Brian was the coordinator (a part time position as he was still working for TVW) whilst Jan ran the office. The Board was nominated by Brian and appointed by the government. Funding came from the Department of Industrial Development (not as expected, the Department for the Arts). The Premier was then Sir Charles Court.

Brian was then asked to go to Queensland in 1980 to be the executive director of the Queensland Film Corporation, following which Brian and Jan married in 1984.

On his return to Western Australia, he was asked to instigate a review of the local industry. As a result, the WA Film Council evolved into ScreenWest and has been running successfully since 1992.

Brian had retired himself until invited to do some guest lecturing at the WA School of Art and Design on Production Management. This soon developed into a full-time occupation and he was appointed as Programme Manager of Film and Television, Broadcast Presentation, Photography and Music – over three campuses. It took a couple of years for these courses to be revised and accredited nationally, but it paid off.

Brian and Jan Williams at the 2006 reunion for Channels 7,2 & 9 staff organised by AMMPT

Brian and Jan Williams at the 2006 reunion for Channels 7,2 & 9 staff organised by AMMPT

 

 

 

 

 

 

 

 

 

 

 

 

 

Daryl Binning reports that Brian Williams was founding member of the Australian Museum of Motion Picture and Television (AMMPT) representing the TV industry. Brian was also a trustee of the AMMPT ancillary gift fund that distributed money to various projects. Daryl too enjoyed his friendship and the valued input Brian provided to the association.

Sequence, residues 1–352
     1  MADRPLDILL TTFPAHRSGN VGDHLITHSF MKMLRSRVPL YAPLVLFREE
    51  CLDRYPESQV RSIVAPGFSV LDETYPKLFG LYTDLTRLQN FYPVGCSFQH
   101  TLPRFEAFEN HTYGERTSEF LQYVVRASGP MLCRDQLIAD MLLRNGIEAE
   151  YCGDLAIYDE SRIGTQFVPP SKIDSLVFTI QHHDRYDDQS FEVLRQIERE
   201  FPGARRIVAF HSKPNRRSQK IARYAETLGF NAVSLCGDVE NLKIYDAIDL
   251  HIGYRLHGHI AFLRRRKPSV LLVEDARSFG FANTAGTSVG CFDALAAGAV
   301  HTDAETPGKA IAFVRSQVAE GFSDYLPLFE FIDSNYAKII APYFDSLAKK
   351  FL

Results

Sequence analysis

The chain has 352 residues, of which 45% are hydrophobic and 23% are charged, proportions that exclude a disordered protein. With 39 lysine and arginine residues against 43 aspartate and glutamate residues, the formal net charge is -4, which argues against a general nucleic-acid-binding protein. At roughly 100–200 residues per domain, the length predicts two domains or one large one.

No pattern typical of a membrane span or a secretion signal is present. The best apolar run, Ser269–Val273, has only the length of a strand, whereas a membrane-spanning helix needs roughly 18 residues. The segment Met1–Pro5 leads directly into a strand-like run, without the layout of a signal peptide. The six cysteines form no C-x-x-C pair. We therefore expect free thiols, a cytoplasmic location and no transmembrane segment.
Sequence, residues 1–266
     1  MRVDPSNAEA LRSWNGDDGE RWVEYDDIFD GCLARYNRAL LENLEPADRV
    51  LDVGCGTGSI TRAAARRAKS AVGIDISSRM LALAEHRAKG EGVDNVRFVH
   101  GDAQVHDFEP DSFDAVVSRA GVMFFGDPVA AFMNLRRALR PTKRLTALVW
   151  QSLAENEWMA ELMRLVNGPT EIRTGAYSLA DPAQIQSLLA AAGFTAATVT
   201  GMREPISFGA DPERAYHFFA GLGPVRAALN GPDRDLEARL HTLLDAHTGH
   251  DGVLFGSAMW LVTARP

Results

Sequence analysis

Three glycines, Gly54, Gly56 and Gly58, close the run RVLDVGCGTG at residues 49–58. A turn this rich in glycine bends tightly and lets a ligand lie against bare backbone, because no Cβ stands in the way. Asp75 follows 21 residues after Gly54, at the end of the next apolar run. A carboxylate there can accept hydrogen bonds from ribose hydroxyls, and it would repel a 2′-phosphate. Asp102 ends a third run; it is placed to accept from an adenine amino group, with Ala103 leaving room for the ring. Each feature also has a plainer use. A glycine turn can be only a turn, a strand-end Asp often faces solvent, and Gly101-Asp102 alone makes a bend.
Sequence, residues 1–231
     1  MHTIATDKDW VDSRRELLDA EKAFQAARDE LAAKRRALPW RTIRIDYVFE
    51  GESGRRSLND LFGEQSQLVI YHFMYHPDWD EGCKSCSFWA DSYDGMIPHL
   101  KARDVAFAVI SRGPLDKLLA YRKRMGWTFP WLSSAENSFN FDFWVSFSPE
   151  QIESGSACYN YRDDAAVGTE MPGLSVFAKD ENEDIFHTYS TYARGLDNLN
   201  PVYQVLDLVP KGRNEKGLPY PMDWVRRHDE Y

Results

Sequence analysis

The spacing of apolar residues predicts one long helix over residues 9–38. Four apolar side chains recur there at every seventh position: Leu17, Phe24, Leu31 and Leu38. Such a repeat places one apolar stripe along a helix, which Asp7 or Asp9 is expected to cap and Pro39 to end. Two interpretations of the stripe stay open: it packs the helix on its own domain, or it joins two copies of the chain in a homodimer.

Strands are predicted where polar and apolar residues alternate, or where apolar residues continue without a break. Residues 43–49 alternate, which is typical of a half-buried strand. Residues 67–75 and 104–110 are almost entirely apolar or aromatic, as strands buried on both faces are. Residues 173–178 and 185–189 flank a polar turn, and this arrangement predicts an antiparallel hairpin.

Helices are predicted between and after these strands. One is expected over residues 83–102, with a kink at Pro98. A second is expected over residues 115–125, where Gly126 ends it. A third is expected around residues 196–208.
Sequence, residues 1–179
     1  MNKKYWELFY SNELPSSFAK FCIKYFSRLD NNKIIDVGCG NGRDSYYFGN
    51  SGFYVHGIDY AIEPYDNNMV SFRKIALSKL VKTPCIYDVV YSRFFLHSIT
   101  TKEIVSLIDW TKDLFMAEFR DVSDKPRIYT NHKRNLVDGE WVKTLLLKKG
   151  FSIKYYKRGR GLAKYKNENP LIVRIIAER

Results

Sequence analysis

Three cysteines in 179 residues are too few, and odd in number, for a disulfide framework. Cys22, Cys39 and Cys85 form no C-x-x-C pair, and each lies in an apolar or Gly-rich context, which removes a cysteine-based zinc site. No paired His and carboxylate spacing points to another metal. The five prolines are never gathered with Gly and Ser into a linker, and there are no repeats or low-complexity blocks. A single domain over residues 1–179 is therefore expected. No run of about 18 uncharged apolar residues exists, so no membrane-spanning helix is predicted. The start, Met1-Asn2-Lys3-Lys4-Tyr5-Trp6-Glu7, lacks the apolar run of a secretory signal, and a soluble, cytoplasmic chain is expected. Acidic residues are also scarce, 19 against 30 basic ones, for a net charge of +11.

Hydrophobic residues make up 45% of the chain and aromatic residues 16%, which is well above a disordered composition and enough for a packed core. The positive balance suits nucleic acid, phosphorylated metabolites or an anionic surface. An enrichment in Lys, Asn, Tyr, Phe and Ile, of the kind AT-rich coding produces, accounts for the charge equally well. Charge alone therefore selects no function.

Pam Nielson (nee Leuba) – WA’s first woman TV newsreader expressed her sincere condolences:

“I hope he didn’t linger too long at the end – I have very happy memories of working with him in the 60s.”

Jocelyn Treasure, widow of former TVW co-founder Brian Treasure laments that it is:

So sad to hear of Brian’s passing. I have very fond memories of Brian and Maureen in the “golden years” when we were all in our twenties. He was handsome, suave and fun-loving, and always impressed me with his air of flair and sophistication.. He and Maureen gave very stylish parties with “grown up” food and drinks (like martinis). Brian was very confident of his talent and was never afraid to “push the buttons” of executives when he wanted to experiment with a creative innovation. I always secretly admired him for it.

Do such colourful people exist in the world of television today?”

Former TVW Sales Manager and Managing Director Greg Byrne expressed gratitude for Brian’s help during the very hectic period of live commercials when all manner of household appliances where shepherded into the tiny studio for a brief rehearsal before going live to air, followed almost immediately by another for a different client. Sometimes complicated by the fact that they were selling similar products and were continually trying to better each other.

“I liked Brian – he was always prepared to help me with those very demanding ‘live’ commercials prior to the advent of videotape.”

Stan Fildes, who was Sales Manager and General Manager of Sydney and Melbourne sales thought of Brian as:

“Quite the sophisticated and worldly guy—with a serenity that was rather more ABC than TVW! Brian was a good friend while I was in Perth.